How did you become a Christian?

 

I came to Christ through my sister when I was 24. My sister, Ruth, and a few other people started the Asian American Christian Ministries at Northwestern University. She told me about a retreat, and I went to the retreat, and I came to Christ. I was at Loyola. This was 1982. That’s how I came to Christ, and got involved with Navigators at Northwestern for two years. I lived in an apartment on Foster Avenue by campus there.

 

How did you join The Navigators?

 

I got involved with The Navigators at Northwestern from ’82 to ’84, and then I went to Dallas Theological Seminary from ’84 to ’88. While I was in Dallas, I met my wife, Janet, in Oklahoma—my roommate was dating her roommate up in Oklahoma City.

 

While I was in Dallas, I joined Navigators staff and did my internship at Long Beach State. I wanted to do church planting out there in Southern California. It was the late ‘80s, and it was a lot of transition with a lot of new immigrants coming in. A lot of young people are having Asian American identities for the first time. It was a unique time.

 

I got connected with Navigators staff there, and they said, “Hey, why don’t you consider joining staff, and doing this here.” For Asians, it’s hard, you know, because we have to raise support. Initially, my parents were opposed to me raising support, but now they’re fully supportive.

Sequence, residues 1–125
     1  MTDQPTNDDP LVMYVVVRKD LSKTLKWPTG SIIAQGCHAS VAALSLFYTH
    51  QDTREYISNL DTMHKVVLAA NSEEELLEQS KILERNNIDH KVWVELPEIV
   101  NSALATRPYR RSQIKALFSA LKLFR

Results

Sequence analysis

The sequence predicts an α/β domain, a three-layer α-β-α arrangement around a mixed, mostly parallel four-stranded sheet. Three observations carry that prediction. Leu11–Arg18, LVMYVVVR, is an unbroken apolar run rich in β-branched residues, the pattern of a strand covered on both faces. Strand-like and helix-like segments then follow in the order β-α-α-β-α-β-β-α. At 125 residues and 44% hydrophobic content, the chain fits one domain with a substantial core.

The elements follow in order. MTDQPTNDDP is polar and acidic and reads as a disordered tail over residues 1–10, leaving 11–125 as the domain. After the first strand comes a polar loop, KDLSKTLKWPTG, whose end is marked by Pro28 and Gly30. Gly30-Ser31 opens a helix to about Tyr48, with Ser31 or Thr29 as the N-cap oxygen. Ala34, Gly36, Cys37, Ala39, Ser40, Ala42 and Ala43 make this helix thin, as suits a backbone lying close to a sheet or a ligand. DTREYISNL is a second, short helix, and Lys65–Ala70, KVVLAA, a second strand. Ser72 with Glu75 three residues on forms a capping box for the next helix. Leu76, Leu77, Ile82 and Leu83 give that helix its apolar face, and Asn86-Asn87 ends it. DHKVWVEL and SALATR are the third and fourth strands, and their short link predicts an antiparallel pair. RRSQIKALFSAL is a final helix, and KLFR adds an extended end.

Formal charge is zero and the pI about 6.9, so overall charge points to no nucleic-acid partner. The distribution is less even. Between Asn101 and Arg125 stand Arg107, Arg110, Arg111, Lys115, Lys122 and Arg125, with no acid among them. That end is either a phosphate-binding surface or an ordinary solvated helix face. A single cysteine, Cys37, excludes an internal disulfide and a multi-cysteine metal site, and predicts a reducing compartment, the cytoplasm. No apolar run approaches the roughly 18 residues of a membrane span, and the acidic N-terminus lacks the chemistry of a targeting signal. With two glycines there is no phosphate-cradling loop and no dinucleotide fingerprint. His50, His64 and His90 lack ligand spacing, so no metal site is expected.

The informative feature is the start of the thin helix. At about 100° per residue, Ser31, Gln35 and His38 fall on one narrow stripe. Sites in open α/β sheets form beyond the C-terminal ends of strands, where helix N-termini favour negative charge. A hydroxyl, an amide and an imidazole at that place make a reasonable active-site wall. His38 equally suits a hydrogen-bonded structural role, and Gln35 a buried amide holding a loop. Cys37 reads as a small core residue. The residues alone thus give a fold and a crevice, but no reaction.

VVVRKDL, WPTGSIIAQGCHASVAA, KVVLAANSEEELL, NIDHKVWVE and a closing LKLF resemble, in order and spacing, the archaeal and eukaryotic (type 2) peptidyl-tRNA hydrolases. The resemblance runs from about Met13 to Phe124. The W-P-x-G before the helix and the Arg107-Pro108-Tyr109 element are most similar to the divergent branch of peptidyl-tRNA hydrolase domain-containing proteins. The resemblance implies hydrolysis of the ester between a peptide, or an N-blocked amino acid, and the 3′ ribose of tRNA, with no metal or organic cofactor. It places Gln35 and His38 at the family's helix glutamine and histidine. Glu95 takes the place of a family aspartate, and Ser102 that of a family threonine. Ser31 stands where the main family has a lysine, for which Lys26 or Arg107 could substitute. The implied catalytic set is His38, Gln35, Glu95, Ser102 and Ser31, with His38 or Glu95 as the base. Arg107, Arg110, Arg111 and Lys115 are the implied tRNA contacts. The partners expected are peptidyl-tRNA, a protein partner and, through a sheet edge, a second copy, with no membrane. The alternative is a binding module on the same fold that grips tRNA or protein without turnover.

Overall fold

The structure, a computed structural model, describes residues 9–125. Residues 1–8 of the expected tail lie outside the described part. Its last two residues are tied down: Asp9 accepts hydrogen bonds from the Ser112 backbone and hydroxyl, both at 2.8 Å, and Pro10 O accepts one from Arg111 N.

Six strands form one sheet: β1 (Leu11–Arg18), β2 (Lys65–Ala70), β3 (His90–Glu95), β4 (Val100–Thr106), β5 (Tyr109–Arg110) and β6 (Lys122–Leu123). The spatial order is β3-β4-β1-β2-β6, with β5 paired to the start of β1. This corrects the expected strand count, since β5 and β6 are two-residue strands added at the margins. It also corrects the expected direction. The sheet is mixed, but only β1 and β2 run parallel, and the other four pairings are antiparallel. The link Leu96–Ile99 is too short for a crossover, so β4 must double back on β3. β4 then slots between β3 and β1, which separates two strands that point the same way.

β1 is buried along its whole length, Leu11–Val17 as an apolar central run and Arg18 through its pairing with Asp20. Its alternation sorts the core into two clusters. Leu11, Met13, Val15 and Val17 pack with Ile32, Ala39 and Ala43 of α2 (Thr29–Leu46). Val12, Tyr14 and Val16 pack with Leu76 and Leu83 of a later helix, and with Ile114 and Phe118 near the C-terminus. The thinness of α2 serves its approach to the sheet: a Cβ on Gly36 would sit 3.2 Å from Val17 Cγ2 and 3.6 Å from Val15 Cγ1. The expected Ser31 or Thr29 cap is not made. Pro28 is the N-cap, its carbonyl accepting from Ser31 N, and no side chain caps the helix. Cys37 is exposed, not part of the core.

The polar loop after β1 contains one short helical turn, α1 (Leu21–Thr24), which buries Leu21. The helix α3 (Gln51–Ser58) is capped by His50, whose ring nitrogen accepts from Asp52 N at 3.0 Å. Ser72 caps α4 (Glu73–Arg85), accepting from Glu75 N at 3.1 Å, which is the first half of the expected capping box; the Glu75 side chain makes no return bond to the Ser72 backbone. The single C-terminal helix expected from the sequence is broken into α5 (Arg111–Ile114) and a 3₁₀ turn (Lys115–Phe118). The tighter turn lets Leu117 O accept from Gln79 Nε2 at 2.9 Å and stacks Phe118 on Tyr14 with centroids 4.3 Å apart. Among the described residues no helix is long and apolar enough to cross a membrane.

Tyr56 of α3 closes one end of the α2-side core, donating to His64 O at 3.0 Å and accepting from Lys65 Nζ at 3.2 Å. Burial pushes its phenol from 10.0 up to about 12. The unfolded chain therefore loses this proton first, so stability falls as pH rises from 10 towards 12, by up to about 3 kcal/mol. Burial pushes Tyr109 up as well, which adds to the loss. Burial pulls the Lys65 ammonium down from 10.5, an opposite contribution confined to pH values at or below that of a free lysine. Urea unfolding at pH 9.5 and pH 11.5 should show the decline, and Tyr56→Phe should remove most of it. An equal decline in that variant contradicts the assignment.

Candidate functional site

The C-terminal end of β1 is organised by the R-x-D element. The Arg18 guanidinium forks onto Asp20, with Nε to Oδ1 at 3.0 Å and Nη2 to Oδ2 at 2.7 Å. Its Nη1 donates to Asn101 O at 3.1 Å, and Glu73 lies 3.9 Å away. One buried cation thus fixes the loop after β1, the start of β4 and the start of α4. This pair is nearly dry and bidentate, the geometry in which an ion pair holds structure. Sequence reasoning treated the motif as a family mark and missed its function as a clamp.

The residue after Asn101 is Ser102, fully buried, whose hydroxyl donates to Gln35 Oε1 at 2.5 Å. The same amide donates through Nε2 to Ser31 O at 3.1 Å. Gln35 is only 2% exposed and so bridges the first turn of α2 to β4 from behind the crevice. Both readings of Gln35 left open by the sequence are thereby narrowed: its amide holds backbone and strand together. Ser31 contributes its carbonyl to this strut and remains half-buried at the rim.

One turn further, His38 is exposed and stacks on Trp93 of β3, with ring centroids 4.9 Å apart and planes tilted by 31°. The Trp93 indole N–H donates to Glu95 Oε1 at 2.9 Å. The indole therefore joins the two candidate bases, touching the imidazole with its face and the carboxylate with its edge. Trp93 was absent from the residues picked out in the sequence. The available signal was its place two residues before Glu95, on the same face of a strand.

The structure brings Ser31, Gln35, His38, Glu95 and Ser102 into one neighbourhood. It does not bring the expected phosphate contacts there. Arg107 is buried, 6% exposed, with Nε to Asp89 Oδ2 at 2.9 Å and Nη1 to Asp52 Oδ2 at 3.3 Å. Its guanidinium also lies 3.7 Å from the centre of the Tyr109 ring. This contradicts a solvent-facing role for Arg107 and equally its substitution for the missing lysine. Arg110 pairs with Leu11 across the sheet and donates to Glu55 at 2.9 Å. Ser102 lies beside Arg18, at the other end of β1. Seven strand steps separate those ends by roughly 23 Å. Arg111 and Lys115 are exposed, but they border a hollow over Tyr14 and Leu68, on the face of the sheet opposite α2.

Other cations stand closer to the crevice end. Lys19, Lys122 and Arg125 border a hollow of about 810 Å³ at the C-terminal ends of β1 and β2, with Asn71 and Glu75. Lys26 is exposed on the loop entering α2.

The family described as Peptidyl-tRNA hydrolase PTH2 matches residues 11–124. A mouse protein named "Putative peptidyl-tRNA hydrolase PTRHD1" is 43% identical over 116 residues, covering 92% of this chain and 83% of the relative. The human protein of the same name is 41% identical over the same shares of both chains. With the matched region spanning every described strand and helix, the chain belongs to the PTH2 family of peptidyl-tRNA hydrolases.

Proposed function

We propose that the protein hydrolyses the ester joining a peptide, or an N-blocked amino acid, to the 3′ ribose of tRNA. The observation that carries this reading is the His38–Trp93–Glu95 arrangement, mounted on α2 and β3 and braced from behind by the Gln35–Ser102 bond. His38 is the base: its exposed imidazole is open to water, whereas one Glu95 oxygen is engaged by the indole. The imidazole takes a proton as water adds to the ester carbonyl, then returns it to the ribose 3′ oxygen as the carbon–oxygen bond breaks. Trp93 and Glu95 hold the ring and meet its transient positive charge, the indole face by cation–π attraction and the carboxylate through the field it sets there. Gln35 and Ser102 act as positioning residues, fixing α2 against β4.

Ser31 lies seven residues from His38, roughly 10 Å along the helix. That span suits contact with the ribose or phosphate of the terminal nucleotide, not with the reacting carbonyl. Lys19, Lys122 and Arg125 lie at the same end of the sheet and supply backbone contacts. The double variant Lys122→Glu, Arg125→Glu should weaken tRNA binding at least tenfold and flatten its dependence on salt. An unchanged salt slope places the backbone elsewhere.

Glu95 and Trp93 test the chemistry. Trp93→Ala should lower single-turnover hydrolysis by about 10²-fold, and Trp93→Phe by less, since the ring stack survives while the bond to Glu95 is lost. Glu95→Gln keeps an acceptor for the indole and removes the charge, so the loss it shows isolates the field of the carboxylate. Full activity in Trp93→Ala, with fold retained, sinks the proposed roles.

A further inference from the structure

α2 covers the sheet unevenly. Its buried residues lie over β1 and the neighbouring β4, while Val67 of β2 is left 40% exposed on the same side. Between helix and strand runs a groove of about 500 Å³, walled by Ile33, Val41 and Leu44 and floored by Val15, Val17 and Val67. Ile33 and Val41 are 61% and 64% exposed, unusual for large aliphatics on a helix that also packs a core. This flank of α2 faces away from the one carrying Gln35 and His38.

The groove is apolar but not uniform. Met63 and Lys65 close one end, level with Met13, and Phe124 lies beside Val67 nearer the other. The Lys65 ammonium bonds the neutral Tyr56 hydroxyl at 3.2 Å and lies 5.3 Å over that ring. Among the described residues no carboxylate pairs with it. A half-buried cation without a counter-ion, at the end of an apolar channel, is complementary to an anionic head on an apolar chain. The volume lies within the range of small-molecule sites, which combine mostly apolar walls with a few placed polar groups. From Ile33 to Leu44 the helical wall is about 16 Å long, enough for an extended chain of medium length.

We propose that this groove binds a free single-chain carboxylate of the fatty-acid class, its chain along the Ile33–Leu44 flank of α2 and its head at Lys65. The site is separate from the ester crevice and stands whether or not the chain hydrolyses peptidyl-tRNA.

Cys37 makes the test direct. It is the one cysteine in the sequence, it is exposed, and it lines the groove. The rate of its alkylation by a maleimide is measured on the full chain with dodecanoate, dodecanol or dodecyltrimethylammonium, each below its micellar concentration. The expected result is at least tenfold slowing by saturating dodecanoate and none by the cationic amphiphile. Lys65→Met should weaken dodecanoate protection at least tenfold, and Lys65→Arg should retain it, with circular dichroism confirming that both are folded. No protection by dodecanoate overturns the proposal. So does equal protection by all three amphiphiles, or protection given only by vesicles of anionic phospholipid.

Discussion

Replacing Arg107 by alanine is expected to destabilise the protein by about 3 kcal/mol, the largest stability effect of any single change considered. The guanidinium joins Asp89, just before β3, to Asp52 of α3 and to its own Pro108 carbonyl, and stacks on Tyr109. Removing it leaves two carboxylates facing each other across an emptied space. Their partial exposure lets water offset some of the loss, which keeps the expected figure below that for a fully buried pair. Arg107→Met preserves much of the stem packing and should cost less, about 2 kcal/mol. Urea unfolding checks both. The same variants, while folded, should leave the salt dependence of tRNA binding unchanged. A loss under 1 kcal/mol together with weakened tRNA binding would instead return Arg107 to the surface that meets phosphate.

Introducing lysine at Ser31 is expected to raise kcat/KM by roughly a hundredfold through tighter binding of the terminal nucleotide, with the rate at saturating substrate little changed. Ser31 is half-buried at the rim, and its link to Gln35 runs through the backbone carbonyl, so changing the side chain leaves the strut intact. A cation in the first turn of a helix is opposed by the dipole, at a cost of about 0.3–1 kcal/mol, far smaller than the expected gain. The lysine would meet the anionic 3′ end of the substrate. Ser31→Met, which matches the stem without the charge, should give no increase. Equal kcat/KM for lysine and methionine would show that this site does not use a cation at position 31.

What are your roles with The Navigators?

 

I wear three hats with The Navigators. There’s a smaller hat within the main hat. The first hat is I’m on the Chicago Navigators leadership team. The staff team is divided into three spheres, and I oversee sphere three, which includes Nations Within, Navigators Missions, and International Student Ministries. Other than that, [Chicago Director] Jay Neuharth gives me responsibilities like communications and the staff retreat.

 

The second hat I’m wearing is as a staff member of the Navigators Missions ministry. I’m on the national leadership team. I’m the director of the ethnic implementation team, and our role is to influence Navigators Missions staff-wide so we can recruit ethnic staff to go overseas. We have more than 300 staff with Missions. We don’t have a lot of ethnics on our Missions team, just a handful.

 

Under Navigators Missions, I also coach short-term team leaders who are going to Southeast Asia. This summer, I’ll be coaching three teams with seven team leaders. So I help with the logistics of connecting with local staff. Communicating with leaders here can be quite complicated. There’s so much cultural dissonance and misunderstanding. What people hear is not what they’re really communicating.

 

The third hat that I have is utilizing my connections, relationship spheres, to pioneer more summer and short-term, mid-term, and long-term missionaries to be in Southeast Asia.